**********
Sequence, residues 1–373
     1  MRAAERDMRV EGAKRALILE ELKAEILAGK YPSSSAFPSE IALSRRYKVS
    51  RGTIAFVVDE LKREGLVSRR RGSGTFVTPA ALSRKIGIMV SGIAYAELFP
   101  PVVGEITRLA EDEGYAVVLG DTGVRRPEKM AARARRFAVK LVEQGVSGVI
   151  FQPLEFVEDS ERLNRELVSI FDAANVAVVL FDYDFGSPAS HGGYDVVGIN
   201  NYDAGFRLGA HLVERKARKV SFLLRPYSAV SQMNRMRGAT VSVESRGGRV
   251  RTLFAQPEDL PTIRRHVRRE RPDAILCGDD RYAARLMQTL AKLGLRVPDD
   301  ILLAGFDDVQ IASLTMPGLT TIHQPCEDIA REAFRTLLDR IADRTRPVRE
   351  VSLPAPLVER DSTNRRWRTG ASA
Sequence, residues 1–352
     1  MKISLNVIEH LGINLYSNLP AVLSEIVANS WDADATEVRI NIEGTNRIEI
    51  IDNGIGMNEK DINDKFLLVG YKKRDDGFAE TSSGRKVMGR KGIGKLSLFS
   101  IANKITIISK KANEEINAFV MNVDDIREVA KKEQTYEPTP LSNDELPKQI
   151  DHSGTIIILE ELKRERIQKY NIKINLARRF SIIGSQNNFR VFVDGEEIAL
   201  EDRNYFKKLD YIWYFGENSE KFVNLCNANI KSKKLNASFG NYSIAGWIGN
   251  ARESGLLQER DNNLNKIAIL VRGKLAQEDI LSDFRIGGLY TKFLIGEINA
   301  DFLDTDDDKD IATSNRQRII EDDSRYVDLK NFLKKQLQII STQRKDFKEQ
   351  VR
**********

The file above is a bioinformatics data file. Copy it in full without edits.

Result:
Sequence, residues 1–373
     1  MRAAERDMRV EGAKRALILE ELKAEILAGK YPSSSAFPSE IALSRRYKVS
    51  RGTIAFVVDE LKREGLVSRR RGSGTFVTPA ALSRKIGIMV SGIAYAELFP
   101  PVVGEITRLA EDEGYAVVLG DTGVRRPEKM AARARRFAVK LVEQGVSGVI
   151  FQPLEFVEDS ERLNRELVSI FDAANVAVVL FDYDFGSPAS HGGYDVVGIN
   201  NYDAGFRLGA HLVERKARKV SFLLRPYSAV SQMNRMRGAT VSVESRGGRV
   251  RTLFAQPEDL PTIRRHVRRE RPDAILCGDD RYAARLMQTL AKLGLRVPDD
   301  ILLAGFDDVQ IASLTMPGLT TIHQPCEDIA REAFRTLLDR IADRTRPVRE
   351  VSLPAPLVER DSTNRRWRTG ASA
Sequence, residues 1–352
     1  MKISLNVIEH LGINLYSNLP AVLSEIVANS WDADATEVRI NIEGTNRIEI
    51  IDNGIGMNEK DINDKFLLVG YKKRDDGFAE TSSGRKVMGR KGIGKLSLFS
   101  IANKITIISK KANEEINAFV MNVDDIREVA KKEQTYEPTP LSNDELPKQI
   151  DHSGTIIILE ELKRERIQKY NIKINLARRF SIIGSQNNFR VFVDGEEIAL
   201  EDRNYFKKLD YIWYFGENSE KFVNLCNANI KSKKLNASFG NYSIAGWIGN
   251  ARESGLLQER DNNLNKIAIL VRGKLAQEDI LSDFRIGGLY TKFLIGEINA
   301  DFLDTDDDKD IATSNRQRII EDDSRYVDLK NFLKKQLQII STQRKDFKEQ
   351  VR